Nothing beats live observation. Especially when you’ve got to always be coming up with new and interesting characters for illustrations.
Book illustration is a unique kind of animal ...
When I do portraits, I can use live models or work from photos. I combine those two and take lots of photos of my subject and use those for reference material. When I used to do a lot of nature art, I could do the same ... either work from live settings or from photos I had taken or from photos in books. But I was drawing only the one image.
To illustrate a whole picture book, you will end up with dozens of drawings of the same characters in different settings and lightings and clothing and circumstances. Characters and settings seen in multiple images need to look like the same characters and settings even if lighting and moods have changed, or if a character or a setting has aged or been altered in some way. And those characters and settings were all made up inside your head, so there’s no place to go and get a snapshot to draw from.
Just as important as developing your talent and skills, it’s imperative that you develop your mental and emotional abilities to “see” and “feel” the scenes and characters you’re drawing. The clearer the mental image in your head is, the easier and better you will be able to draw it.
This is what sketchbooks are all about ... making shorthand “drawing” notes. Sometimes you will be drawing on-the-spot live sketches, and they will be very loose and not very detailed. Other times you will be able to spend more time on a sketch and it will be more finished and very detailed. But all the time, it will be your eye, brain and hand all learning to work together to record a moment from real life. The fact that you are in the moment and something caught your attention enough to record it, will also mean your emotions are involved, which is always a plus.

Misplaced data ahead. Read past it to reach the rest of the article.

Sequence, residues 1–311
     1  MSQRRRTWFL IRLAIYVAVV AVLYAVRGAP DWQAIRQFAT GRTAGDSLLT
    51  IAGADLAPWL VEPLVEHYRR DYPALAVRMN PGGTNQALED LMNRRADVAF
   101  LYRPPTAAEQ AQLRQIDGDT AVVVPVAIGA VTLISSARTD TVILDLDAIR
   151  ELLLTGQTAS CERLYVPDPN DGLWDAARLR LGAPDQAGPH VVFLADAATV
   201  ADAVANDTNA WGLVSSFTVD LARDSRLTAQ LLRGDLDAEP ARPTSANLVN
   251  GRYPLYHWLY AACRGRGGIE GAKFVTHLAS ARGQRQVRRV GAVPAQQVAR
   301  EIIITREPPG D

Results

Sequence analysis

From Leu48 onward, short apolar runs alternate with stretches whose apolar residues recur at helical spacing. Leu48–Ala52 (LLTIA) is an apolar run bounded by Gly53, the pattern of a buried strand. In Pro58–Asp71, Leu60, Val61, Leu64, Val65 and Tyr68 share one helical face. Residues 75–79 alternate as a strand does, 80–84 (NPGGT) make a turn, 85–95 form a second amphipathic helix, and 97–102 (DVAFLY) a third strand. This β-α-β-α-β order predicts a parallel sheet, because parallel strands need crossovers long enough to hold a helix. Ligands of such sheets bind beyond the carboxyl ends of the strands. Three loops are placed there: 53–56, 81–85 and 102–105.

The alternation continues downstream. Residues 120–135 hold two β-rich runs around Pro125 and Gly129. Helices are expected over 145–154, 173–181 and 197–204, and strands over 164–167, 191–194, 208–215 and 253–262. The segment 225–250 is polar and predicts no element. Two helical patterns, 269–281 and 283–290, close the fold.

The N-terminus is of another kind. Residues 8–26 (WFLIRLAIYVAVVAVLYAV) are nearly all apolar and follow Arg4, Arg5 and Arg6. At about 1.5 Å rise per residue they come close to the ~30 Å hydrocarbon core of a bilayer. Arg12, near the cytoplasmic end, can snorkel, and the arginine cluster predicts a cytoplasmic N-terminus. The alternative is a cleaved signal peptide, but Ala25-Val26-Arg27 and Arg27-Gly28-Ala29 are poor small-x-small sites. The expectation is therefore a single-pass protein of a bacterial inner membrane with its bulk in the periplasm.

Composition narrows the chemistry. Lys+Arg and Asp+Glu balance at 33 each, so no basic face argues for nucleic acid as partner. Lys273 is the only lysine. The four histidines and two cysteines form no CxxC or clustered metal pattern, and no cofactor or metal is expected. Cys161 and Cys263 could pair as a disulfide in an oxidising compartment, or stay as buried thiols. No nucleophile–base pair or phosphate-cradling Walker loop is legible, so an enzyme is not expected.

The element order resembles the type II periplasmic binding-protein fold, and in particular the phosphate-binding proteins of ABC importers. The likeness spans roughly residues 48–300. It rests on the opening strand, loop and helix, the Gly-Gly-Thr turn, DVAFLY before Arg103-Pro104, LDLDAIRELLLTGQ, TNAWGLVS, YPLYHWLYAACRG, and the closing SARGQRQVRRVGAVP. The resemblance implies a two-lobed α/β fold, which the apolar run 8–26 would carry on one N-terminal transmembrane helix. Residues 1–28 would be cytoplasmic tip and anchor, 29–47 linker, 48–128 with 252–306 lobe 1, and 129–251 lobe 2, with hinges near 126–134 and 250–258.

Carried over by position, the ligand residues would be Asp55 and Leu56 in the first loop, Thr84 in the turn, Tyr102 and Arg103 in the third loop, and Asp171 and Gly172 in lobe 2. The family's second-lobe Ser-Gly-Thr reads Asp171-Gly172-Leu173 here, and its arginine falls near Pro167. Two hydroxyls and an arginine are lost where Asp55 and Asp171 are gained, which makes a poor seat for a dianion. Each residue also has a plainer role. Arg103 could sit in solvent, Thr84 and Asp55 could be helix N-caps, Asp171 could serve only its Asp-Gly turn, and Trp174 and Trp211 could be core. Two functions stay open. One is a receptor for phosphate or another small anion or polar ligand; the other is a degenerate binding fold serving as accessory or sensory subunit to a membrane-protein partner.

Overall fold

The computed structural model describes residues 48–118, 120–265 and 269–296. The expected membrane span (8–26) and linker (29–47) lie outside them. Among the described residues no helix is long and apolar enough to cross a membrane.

Back in the studio, you can use your sketchbook to get some inspiration and fresh ideas for your characters and settings ... hair, clothing, backgrounds, etc.
Sometimes you can do it the other way around, and use your sketchbook to go record things you might need. Like if you were doing a story about a child’s day at the zoo, you could go spend an afternoon at the real zoo sketching, taking notes and feeling the atmosphere of a real zoo.
Of course, you can take pictures with a camera or your phone, and that’s helpful. Cameras are certainly useful, especially if you need closeups of very detailed subjects, but photos are very neutral and static. When you take the time to sketch and make notes about your impressions, all of your senses are engaged. Back in your studio the memory of those sensations will come through in your art. It may not have been a notable or emotionally charged event. You might not even consciously remember it. But it will come through your art.
It's a very abstract thing, and I’m probably not describing it well or convincing you that it actually happens ... but it absolutely does happen. And you certainly have experienced it if you’ve ever looked at an artwork that just fell flat.
It may have been expertly and skillfully rendered, but it simply didn’t “say” anything to you.
And then you look at another artwork – one that perhaps wasn’t so expertly nor skillfully rendered – but you can’t look away, because it’s so full of life and energy and you have an emotional reaction to it.
Because “copying” is not the same thing as making art.
And, like me, if you go too long and don’t get out and observe life, you can get stuck in a rut.
And you might find yourself just going through the motions rather than being fully engaged. Not making real art, but just copying what you’ve always done.
Bad covid monster! Interrupted life in all kinds of ways!
But warmer days are coming ... time to dust off that sketchbook and get back to what we started two years ago ...